At Raddlebarn, we believe the teaching of science develops an interest and curiosity in children about the world in which they live, and fosters in them a deeper understanding and sense of respect for the environment and all its phenomena. It is our aim to provide children with the opportunities to explore, record, draw conclusions and become more inquisitive through first hand experiences and other sources of information.
Early Year and Foundation Stage
In EYFS teachers and teaching assistants support children to develop a solid understanding of things occurring around them in their day-to-day lives. Children are encouraged to be creative and inquisitive when exploring, for example, the life cycle of a chicken or participating in activities such as which objects float and sink during water play.
Key Stage One
In Key Stage One children observe, explore and ask questions about living things, materials and the world around them. They begin to work collaboratively to collect evidence to help them answer questions, such as which materials are waterproof, learn to find patterns, classify and group objects, research using a variety of sources and carry out fair testing.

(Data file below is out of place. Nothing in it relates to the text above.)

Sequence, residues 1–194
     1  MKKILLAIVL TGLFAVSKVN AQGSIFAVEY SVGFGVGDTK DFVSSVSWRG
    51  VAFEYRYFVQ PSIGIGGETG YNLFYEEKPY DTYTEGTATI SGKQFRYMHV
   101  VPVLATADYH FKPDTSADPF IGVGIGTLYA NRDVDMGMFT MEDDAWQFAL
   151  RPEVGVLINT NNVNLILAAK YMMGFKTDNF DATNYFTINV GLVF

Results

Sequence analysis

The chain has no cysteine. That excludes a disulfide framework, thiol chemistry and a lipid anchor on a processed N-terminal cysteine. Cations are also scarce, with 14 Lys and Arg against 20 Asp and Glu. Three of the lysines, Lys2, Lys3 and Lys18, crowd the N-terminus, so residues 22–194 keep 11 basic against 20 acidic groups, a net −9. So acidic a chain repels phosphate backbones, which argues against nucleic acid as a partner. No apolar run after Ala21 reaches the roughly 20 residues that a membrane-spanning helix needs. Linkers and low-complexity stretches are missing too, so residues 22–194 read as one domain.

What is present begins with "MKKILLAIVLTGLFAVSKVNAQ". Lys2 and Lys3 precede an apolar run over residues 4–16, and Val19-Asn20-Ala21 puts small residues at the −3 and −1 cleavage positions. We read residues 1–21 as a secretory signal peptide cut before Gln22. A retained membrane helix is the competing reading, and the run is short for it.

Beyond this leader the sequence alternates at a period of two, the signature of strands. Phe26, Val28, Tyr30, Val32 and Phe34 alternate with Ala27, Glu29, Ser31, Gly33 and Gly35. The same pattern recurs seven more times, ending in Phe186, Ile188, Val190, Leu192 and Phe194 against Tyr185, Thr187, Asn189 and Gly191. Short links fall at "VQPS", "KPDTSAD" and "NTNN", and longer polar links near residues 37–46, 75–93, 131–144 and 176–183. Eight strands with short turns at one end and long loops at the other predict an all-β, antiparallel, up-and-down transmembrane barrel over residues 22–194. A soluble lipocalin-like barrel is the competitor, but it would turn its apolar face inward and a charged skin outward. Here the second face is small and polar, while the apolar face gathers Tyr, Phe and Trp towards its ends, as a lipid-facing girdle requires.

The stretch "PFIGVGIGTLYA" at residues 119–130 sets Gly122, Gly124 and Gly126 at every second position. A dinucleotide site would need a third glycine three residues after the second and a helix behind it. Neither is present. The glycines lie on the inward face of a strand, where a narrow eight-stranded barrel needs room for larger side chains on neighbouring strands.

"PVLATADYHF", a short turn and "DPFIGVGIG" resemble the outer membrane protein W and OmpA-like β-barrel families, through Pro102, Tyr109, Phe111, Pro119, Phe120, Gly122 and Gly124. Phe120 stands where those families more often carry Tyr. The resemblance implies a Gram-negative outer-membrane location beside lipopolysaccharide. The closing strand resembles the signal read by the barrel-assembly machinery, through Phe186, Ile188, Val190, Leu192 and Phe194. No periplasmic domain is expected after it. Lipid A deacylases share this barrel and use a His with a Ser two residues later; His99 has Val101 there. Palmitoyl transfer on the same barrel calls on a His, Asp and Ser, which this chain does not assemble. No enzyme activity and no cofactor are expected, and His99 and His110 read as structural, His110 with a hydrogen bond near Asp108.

Key Stage Two
In Key Stage Two children are encouraged to extend the scientific questions that they ask and answer about the world around them and learn to plan science investigations such as the Mentos Geyser Experiment. They encounter more abstract ideas and begin to recognise how these help them to understand and predict how the world operates.
Opportunities extend well beyond the classroom here at Raddlebarn for example, our forest school and gardening club, educational visits to Think Tank – Planetarium, visits from the dentist, science week and healthy schools week. This all helps to ensure that our children view science as an exciting and ever-evolving subject.